There's another thread going on about 48V batteries that I've been adding thoughts to. I think it may be helpful to suggest a dead-man high voltage cutoff (HVC) switch that I've been working on. I believe that a crude failsafe is better than nothing at all.
The heart of the circuit is a lowly 555 timer:
Fundamentally the timer is a high powered set/reset flip flop. It's set then the trigger (pin 2) falls below 1/3 VCC (pin 8), which drives the output (pin 3) high. The FF is reset when the threshold (pin 6) reaches 2/3 VCC. Timing circuits are produced by combinations of RC circuits connected among the timer's pins. However we can use it as a voltage controlled cutoff switch.
The plan is simple: the 555 triggered on turns on the charger. The battery reaching it's target voltage turns off the charger. To keep the numbers simple let's drive the 555 with a regulated 12 volts.
The trigger is trivial. Tie pin 2 to a pullup resistor to Vcc, with also a normally open switch to ground. So as a default the trigger is deselected. Pressing the button triggers the part and turns on the charger.
The high voltage cutoff is equally as simple. Measure the battery voltage and set it to trigger the threashold at 8 volts (2/3s of VCC). Done with a simple voltage divider. Say you want to be real safe and cut off the charger a 4.0 volts/cell. So the battery would cut off at 48 volts. So you need a voltage divider that will translate 48 volts to 8 volts. Fortunately there are a million voltage divider calculators out there. I use this one:
Since the upper resistor is going to have the higher resistance, let's fix R2 at 1K ohm and see what R2 needs to be to translate 48V to 8V. Result is a 5 to 1 ratio. So 1K for R2 means 5K for R1. Finally we need to quickly compute the power. The current is 48V/6000 ohms = 8 mA. The power is 48V*8mA = 384 mW. So 1/2 watt resistors will do the job. If we wanted to use 1/4 watt resistors, we'd have to get the amperage below 250 mW. 250 mW/48V = 5.2 mA. So let's reduce the current to 5 mA. 48V/5mA = 9600 ohms. Doesn't really give good round resistor numbers. 12K would give us R1=10K and R2=2K. 48V/12K is 4 mA. Looks like a winner.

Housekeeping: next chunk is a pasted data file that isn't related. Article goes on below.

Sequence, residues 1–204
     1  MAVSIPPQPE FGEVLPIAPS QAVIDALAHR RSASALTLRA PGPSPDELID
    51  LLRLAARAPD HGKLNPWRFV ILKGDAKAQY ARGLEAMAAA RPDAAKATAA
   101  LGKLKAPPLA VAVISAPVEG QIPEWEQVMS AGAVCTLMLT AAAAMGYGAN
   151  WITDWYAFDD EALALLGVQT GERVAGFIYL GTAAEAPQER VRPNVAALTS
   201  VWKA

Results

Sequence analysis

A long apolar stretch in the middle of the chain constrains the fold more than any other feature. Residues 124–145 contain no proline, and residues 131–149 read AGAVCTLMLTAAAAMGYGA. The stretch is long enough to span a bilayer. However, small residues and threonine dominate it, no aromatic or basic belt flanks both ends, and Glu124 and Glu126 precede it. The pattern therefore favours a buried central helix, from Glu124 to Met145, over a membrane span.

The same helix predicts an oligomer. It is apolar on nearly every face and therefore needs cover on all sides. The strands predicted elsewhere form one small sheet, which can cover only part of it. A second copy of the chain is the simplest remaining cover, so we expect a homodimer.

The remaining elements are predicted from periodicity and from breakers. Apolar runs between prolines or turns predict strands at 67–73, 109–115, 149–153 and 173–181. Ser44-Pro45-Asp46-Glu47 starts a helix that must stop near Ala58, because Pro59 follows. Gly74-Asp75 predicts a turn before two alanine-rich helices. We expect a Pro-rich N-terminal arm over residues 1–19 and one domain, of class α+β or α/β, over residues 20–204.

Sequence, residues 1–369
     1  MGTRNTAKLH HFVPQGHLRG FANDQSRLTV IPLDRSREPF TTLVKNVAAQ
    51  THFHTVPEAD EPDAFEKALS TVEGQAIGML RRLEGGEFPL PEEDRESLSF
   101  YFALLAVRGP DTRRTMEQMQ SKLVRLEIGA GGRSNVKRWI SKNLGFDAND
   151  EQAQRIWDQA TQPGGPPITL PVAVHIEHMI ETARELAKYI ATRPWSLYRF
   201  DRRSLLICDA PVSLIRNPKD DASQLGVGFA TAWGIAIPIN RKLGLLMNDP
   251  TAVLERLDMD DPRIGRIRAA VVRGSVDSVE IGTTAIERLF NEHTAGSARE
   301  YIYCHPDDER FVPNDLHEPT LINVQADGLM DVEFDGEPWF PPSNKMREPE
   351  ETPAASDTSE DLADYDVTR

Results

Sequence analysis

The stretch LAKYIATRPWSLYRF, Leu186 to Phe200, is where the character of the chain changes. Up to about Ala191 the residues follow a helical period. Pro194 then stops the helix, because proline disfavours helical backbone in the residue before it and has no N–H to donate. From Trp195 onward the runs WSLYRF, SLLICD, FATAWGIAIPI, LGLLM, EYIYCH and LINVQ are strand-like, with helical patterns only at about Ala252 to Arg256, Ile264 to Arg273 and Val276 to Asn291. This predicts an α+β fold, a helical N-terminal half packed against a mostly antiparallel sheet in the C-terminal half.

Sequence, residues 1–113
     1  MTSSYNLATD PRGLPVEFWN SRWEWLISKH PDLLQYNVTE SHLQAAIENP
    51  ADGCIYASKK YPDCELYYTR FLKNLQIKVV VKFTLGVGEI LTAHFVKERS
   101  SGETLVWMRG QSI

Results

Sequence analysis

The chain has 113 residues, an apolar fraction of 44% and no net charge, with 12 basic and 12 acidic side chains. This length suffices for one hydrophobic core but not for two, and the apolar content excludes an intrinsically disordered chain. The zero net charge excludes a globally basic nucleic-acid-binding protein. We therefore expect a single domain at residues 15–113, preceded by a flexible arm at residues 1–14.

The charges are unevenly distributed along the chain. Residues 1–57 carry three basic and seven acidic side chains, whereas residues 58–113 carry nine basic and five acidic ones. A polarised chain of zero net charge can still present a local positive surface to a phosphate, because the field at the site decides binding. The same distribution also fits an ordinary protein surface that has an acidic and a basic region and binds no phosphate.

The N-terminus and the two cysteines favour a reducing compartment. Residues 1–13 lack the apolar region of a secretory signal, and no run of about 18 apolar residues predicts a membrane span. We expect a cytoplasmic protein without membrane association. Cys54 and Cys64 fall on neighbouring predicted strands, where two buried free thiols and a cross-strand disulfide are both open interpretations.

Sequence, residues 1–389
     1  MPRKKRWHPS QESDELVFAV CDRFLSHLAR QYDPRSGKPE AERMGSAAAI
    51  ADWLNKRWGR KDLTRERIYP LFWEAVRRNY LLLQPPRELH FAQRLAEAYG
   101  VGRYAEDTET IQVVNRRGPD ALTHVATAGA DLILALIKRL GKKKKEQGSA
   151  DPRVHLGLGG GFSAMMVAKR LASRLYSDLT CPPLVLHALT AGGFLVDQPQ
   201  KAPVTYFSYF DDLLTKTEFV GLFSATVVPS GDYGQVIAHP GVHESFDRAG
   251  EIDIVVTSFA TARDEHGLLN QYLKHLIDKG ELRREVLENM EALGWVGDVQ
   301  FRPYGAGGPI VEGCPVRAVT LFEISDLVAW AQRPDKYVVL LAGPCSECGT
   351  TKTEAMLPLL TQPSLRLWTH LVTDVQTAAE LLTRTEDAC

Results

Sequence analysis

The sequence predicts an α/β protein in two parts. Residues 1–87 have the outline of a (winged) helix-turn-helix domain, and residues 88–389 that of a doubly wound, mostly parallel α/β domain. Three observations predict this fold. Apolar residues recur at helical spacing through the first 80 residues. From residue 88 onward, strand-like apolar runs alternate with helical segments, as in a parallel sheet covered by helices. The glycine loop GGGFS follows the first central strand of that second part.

So tie a 10K resistor to the battery + terminal, a 2K resistor to ground, and tie them both together and feed the divider to pin 6 of the 555. According to this tutorial:
other connections should be reset (pin 4) to Vcc, ground (pin 1) to ground of course, and control Voltage (pin 5) to ground via a 0.01 mF capacitor. Pin 7 discharge is an output (open collector) and is unused in this application.
So there's the dead man switch. Press the button, and the output of the 555 goes high. When the battery reaches 48V (in this example), pin 6 resets the FF, the output goes off, and most importantly stays off. Also note this particular circuit needs to be driven with a regulated 12V power supply to ensure that the threashold voltage is a steady 8 volts.
The most trivial way to drive the charger with the 555 is using an SSR. I bought a handful of 40 A overkills from Marlon P. Jones for $5 a piece on sale. Drive the input with any DC voltage from 3-32V and it'll switch up to 240V @ 40A supposedly. Way overkill for anything that plugs into a wall.
None of this precludes using other monitoring or control. It's literally a dead mans switch that protects the battery even if everything else blows up. See the other thread for suggestions on CC/CV charging, switching power supplies, and using Arduinos as control circuitry.
BTW it's always possible to just watch it. I just recharged my Volt module today using a Meanwell 48V 12A supply. Biggest problem I had was trying to figure out how to keep the battery from sparking when connecting it to the supply. It seems that a precharge resistor and a bypass switch are necessary to charge the output caps of the supply so that it won't spark.
Hope this helps,